The Bike Ed program has been completely modernised with the addition of interactive learning content for use in classrooms, including lesson plans (linked to the Victorian Curriculum), guides and worksheets, videos, and illustrations. These resources were developed with the input of current Victorian teachers. This program has been expanded to cover Years 1–8 (students ages 6 to 14 years), and an adult program too. Previously, Bike Ed was only available to Primary School years 5 & 6.
So we can reach more children and adults and teach them about cycling safely and independently on paths and roads.
Children aged between Years 1 to 8; and adults of any age and ability.
Safe cycling needs our bike riders, including our youngest and most vulnerable bike riders, to have the best knowledge, skills, and information available to make safe choices.
The Bike Ed schools program is an in-school program that allows and encourages school students to learn about road rules, riding in a shared environment and safe riding behaviours. It also uses practical lessons to ensure riders have the physical abilities to ride safely and provides foundational skills to enable older students to ride independently.
Cycling has several benefits; it’s a healthy and active, it’s low-cost and it helps to ease congestion at peak traffic times and it’s great for the environment.
Contact your school and tell them about this Bike Ed program and share this Bike Ed website and resources.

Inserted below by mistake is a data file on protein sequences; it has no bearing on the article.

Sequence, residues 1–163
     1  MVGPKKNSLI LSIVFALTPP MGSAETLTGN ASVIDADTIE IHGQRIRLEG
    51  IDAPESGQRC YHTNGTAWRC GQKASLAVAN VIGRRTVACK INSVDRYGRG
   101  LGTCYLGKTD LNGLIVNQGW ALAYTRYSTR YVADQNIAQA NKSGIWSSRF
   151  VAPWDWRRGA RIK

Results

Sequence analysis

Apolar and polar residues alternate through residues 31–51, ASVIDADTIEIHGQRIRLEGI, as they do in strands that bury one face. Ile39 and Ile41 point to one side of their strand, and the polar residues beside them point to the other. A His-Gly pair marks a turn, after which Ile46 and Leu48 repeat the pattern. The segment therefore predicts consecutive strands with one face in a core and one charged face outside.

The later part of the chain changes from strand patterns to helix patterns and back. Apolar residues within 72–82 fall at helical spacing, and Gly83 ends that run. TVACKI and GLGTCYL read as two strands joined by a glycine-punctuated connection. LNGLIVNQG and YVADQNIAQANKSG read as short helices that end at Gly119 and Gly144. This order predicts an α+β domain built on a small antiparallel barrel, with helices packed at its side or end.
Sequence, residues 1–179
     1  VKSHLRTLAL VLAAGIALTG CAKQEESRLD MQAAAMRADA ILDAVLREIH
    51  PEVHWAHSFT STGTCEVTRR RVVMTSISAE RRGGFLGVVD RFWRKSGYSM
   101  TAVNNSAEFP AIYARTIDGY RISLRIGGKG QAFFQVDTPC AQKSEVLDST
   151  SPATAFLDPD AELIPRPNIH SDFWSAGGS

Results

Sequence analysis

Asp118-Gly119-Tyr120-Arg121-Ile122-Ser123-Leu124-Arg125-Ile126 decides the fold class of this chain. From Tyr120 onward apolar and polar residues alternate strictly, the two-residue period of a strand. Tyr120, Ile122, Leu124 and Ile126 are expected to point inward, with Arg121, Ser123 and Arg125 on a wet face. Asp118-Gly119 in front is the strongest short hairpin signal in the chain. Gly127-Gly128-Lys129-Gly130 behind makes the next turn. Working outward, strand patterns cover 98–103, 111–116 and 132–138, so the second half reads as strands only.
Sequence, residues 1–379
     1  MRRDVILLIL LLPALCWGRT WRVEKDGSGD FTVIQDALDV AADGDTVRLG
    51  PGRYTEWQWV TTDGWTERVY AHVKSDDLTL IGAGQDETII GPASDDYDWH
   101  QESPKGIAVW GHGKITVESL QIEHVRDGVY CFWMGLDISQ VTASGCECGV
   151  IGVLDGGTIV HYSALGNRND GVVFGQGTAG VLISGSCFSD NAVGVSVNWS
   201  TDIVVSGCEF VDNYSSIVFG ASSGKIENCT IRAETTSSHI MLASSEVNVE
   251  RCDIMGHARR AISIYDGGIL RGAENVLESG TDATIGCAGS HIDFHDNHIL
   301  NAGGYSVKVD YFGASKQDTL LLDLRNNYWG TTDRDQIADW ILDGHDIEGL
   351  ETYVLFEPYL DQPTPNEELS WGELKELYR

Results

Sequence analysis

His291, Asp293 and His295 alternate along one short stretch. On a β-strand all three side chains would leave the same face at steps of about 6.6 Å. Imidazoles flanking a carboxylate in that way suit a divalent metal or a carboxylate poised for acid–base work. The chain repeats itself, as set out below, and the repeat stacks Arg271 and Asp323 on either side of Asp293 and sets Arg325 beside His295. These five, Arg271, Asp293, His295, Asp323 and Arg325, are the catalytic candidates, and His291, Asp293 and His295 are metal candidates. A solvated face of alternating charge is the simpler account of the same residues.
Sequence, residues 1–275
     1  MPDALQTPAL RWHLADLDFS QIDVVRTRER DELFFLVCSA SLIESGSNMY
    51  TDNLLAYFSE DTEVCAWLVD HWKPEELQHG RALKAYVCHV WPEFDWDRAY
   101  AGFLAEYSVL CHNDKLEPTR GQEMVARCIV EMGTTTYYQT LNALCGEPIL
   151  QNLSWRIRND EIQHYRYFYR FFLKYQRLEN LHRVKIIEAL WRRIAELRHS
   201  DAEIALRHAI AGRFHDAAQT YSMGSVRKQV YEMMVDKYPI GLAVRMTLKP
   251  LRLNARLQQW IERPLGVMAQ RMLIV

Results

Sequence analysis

Ensure your child has plenty of time, under adult supervision, to practice the skills they are learning at school. Read the Family guide to Bike Ed.
Spend time helping your child to develop and practice their skills. When parents/carers ride with their child and show them safe behaviours, they turn an enjoyable activity into a valuable learning opportunity and experience.
Assist in running a Bike Ed program in your child’s school.
Anyone can teach Bike Ed, if you are a teacher, parent or member of the community interested in becoming a Bike Ed instructor you can undertake the Bike Ed instructor training. If you don’t want to lead the Bike Ed training, you can still support the instructors/teachers by volunteering your time and assisting them to deliver Bike Ed in schools and the community. Instructor training is currently available through the cycling safe website and the training program will be updated after we have finalised the new training content and accreditation process (see below question).
Delivery of the Bike Ed program in schools and for community groups will be undertaken by accredited instructors. Often, PE teachers undertake the Instructor training, but any teacher or support staff or even a parent at the school can complete the training. Similarly, any interested community member can undertake instructor training. The more staff that a school has accredited, the easier and more flexible the program is to run and the more sustainable the Bike Ed program is. The new program will seek to make accreditation easier, more accessible and less of a time commitment for participants.
Master trainers are qualified people who train people such as PE teachers, schools staff, parents etc to become accredited Bike Ed instructors.
The accreditation process for master trainers is currently undergoing the final stages of development and will be available in the coming months.
Bicycle trailers are available for hire throughout the state (link back to the section in website content)
VicRoads Community Road Safety Grants will include the updated BikeEd program as an eligible program under the grants. Under the Community Road Safety Grants, schools and community groups can apply for funding for training teachers/staff, equipment maintenance, and running a Bike Ed Challenge.
There are other opportunities and resources available to schools and councils via the Transport Accident Commission (TAC); Active Schools via Department of Education and Training (DET); and Sport and Recreation Victoria via Ride to School.